Margaret Atwood: My 'Far-Fetched' Tale Is Coming True

Author weighs in against Supreme Court draft opinion to overturn Roe v. Wade
By Arden Dier,  Newser Staff
Posted May 13, 2022 12:21 PM CDT
Atwood: Women Could Lose More Than Abortion
In this Sept. 10, 2019, file photo, Canadian author Margaret Atwood holds a copy of her book "The Testaments," during a news conference in London.   (AP Photo/Alastair Grant, File)

(Newser) – The author of The Handmaid's Tale says her dystopian story of a world in which women are forced to become pregnant and give birth is coming to life as evidenced by the Supreme Court draft opinion that would overturn Roe v. Wade. In a piece at the Atlantic, Margaret Atwood writes that she almost gave up on what became the hit novel, a story centered around a future theocratic dictatorship "based on 17th-century New England Puritan religious tenets and jurisprudence." The reason: "I considered it too far-fetched. Silly me," the Canadian poet and author writes, noting such a world is exactly where Justice Samuel Alito's draft opinion looks to be leading the country.

It "would overthrow settled law of 50 years on the grounds that abortion is not mentioned in the Constitution, and is not 'deeply rooted' in our 'history and tradition.' True enough," Atwood writes. But neither are rights for women. For much of US history, women (also unmentioned in the original Constitution) were to be represented or governed "only by proxy, through their fathers or husbands." Until gaining the right to vote in 1920, "women could neither consent nor withhold consent." So under Alito's arguments, "why not repeal votes for women?" she asks. Or why not conclude women's reproductive organs belong to the state, she asks. After all, the Supreme Court's 1927 Buck v. Bell decision "held that the state may sterilize people without their consent."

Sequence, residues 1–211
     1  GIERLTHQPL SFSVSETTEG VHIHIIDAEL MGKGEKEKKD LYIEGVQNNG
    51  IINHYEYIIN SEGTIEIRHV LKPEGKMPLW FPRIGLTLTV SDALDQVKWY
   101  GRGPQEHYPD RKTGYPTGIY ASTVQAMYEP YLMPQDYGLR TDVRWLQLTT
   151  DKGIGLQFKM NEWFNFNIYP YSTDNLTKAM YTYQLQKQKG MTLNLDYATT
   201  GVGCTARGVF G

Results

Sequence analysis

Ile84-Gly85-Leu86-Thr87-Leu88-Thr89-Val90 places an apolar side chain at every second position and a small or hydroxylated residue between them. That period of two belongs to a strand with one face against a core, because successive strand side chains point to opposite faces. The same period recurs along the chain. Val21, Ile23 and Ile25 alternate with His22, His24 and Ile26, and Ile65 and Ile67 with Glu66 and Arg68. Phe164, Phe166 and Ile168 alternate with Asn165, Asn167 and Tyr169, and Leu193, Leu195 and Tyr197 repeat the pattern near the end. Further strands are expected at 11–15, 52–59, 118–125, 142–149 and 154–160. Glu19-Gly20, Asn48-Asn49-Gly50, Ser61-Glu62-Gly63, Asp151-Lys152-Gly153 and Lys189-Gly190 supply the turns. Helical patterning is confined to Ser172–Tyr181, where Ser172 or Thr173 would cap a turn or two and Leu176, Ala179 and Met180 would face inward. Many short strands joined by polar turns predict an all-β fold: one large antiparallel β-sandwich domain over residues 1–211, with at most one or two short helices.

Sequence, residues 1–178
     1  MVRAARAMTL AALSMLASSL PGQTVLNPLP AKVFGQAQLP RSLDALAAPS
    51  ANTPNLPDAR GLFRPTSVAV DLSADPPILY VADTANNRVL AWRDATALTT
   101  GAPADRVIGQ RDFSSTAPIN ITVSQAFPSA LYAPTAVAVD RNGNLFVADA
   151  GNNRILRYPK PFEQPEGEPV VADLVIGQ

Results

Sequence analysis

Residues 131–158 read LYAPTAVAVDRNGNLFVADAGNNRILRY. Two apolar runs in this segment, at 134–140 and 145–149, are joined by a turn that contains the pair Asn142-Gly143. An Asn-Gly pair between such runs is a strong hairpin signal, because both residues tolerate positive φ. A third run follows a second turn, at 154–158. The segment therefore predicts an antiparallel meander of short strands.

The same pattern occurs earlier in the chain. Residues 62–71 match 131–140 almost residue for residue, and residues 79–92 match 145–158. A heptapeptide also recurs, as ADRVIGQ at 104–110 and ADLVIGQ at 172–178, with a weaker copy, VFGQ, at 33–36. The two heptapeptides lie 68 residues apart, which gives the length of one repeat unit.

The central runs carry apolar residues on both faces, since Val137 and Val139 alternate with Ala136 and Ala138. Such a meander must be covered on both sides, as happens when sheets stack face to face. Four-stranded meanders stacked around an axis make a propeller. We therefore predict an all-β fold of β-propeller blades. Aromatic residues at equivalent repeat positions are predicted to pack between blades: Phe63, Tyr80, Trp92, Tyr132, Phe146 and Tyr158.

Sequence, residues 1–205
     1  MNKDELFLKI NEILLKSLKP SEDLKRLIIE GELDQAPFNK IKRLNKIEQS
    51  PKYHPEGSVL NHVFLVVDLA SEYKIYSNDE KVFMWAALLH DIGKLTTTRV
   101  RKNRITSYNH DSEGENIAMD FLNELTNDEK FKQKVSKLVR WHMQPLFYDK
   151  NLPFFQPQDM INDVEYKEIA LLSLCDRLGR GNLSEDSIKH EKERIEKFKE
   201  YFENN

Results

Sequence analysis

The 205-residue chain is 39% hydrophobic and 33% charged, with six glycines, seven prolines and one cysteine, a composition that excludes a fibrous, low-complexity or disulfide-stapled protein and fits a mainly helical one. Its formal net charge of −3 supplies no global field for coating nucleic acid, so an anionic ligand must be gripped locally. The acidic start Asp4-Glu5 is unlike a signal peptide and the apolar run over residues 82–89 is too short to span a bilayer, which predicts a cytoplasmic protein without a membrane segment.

This isn't the only slippery slope Atwood sees. "Should the Alito opinion become the newly settled law, the United States looks to be well on the way to establishing a state religion," forbidden by the First Amendment, she writes. To claim a life is born at conception "depends on a religious belief—namely, the belief in souls," she writes. "Not everyone shares such a belief. But all, it appears, now risk being subjected to laws formulated by those who do," she continues. "That which is a sin within a certain set of religious beliefs is to be made a crime for all." Read the full piece here. (Read more Margaret Atwood stories.)

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